One in 10 children will continue to have bed-wetting past the age of 5. When this occurs, most parents are concerned that there is something wrong with their child. Don’t be alarmed if this is happening to your child.
In childhood, girls usually develop bladder control at an earlier age than boys, and bed-wetting—or nocturnal enuresis—is less common in girls than in boys.
While some parents resort to alarms and rewards to stop bedwetting, certain experts argue that getting to the root of the problem is best.
Bedwetting is more common than you may think.
Children that still wet the bed, usually have parents that had problems with bedwetting. Some speculate that there may be a hereditary component to nocturnal enuresis. Some families react badly to older children bedwetting. While some children may do it on purpose – sort of a passive aggressive behavior- this is not the most common reason for the condition. Studies show that some children may have small bladders and weak pelvic muscles, while others are found to be very deep sleepers.
How can you help an older child stop bedwetting?
To the surprise of many, kegel exercises are not just for adults!
When your child is going to the bathroom, see if they can play a game with you. Ask them to try to stop the flow of urine, before they’re finished, three times. This uses the pelvic floor muscles responsible for bladder control.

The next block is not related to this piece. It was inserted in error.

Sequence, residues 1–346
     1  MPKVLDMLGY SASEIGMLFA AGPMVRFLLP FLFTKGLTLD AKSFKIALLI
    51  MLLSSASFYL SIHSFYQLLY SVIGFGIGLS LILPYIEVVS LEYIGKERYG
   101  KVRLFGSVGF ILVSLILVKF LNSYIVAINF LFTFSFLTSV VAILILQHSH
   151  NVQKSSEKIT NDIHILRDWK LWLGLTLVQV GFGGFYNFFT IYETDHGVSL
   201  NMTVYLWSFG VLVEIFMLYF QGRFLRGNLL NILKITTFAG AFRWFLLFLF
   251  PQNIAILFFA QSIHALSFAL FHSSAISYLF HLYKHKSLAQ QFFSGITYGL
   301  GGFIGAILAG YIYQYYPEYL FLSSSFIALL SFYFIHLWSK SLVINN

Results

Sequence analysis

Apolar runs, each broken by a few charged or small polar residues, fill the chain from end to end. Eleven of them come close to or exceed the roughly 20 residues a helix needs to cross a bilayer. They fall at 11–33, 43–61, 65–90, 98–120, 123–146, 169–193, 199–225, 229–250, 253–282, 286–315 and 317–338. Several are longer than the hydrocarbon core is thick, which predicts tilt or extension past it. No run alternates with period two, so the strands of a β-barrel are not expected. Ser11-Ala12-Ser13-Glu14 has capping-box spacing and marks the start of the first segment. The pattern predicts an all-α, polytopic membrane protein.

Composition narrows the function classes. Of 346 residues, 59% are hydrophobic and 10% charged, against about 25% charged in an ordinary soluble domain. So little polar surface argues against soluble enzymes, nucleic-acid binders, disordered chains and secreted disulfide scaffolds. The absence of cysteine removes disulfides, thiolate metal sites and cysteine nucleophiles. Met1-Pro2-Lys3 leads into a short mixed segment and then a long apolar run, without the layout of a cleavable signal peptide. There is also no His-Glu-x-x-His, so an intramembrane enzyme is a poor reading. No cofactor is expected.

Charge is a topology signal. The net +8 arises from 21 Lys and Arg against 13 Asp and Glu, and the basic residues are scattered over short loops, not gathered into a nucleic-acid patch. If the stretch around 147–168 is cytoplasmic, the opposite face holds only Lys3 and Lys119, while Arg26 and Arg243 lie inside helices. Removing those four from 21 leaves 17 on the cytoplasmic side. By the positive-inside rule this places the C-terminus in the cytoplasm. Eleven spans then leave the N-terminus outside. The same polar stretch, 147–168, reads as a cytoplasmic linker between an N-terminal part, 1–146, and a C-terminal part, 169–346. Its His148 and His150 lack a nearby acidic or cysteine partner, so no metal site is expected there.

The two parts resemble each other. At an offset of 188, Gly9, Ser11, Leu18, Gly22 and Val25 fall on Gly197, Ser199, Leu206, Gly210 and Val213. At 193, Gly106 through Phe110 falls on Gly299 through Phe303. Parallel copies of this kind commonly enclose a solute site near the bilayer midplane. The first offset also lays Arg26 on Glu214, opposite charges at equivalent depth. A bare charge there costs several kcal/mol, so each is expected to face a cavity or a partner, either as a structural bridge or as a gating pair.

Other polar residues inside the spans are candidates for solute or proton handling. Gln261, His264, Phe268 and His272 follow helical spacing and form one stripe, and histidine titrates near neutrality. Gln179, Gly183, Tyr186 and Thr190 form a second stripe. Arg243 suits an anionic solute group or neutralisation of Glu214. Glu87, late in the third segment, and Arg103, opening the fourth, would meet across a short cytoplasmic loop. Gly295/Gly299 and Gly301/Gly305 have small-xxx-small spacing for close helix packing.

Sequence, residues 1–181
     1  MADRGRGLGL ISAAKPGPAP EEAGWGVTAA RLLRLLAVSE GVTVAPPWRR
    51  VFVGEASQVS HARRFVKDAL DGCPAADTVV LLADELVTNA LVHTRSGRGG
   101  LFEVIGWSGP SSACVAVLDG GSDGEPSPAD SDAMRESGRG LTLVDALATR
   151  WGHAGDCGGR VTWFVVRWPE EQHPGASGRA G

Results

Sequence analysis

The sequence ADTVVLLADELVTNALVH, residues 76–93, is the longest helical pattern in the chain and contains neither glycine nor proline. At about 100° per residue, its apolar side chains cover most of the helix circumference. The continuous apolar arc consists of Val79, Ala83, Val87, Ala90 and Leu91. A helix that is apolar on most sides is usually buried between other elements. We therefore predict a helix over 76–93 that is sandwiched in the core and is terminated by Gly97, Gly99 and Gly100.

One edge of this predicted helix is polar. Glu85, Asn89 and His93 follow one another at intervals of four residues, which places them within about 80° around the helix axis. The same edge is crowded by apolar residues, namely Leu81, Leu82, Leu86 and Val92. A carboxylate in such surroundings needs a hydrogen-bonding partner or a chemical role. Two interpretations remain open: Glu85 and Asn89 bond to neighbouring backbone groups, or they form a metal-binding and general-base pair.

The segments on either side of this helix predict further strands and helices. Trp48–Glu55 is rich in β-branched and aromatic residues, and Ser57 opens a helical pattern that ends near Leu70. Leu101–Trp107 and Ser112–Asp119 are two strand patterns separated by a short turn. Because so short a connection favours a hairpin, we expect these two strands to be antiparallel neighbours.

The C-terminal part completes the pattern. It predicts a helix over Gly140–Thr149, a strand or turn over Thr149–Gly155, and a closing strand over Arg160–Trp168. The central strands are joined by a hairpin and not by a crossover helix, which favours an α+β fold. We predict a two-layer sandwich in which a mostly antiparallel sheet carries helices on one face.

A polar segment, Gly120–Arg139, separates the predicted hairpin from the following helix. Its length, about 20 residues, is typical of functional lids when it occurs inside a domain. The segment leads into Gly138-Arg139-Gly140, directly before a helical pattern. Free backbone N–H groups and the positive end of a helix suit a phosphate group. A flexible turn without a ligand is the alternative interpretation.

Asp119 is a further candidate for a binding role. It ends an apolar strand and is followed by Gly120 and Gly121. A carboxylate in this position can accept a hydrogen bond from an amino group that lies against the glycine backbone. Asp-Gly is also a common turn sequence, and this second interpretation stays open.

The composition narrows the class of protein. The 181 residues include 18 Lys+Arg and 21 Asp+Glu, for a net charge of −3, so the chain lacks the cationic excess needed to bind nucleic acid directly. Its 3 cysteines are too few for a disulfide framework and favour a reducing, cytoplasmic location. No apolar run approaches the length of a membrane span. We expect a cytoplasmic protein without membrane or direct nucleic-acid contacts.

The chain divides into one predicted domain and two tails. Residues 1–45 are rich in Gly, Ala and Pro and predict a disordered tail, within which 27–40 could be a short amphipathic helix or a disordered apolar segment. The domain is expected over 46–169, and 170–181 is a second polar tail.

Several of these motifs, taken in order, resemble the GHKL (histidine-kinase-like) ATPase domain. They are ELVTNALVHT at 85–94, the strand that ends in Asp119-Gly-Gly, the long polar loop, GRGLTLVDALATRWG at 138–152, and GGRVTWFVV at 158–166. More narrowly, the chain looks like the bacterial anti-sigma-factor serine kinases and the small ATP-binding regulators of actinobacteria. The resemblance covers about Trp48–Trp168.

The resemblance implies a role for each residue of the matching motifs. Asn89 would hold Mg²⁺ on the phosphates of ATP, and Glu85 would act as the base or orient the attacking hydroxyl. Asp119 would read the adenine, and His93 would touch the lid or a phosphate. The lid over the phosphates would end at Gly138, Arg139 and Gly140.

Asking them to control the stream is the easiest way to teach a child kegel exercises, and they’re able to see the results of their efforts immediately. It might take time, but try to keep increasing the number of times they can stop peeing. Make it a game! (Note: do not do it every day as this may lead to abnormal bladder function.) Once your child is able to stop their stream of urine, teach them to focus on the muscles that cause it, and to start practice these exercises throughout the day.
The benefit is that with stronger pelvic muscles, perhaps your child will wake without wetting the bed. Or, perhaps your child will wake when only a little wet, able to hold it until they can run to the bathroom.
The staff at the Better Bladder Center can help with your child’s bedwetting. Many of the techniques used with adults can be used with children to help them control their bladder and prevent night time bedwetting.
Small steps make great progress, with time.
- Encourage your child to exercise his bladder muscle by squeezing it several times every day.
- Instruct your child to drink extra water during the day to exercise the bladder. Becoming aware of the sensation associated with the need to urinate may help a child monitor his bladder at night.
- Use a chart or a calendar to mark the days your child wets the bed. Experts say that 14-consecutive days without bedwetting usually signal an end to the condition.
- Suggest that your child use the toilet each night before going to bed.
- Ask your child to stop short of urinating and to just hold it a few minutes. This exercise can be an effective training method as it strengthens her muscles.
- Limit the amount of caffeine you give your child. Increased caffeine consumption may increase the flow of urine.
- Tell your child that bladder control just takes practice and that bedwetting is not his fault. Letting the child know that this condition is not unusual may help maintain his self-esteem.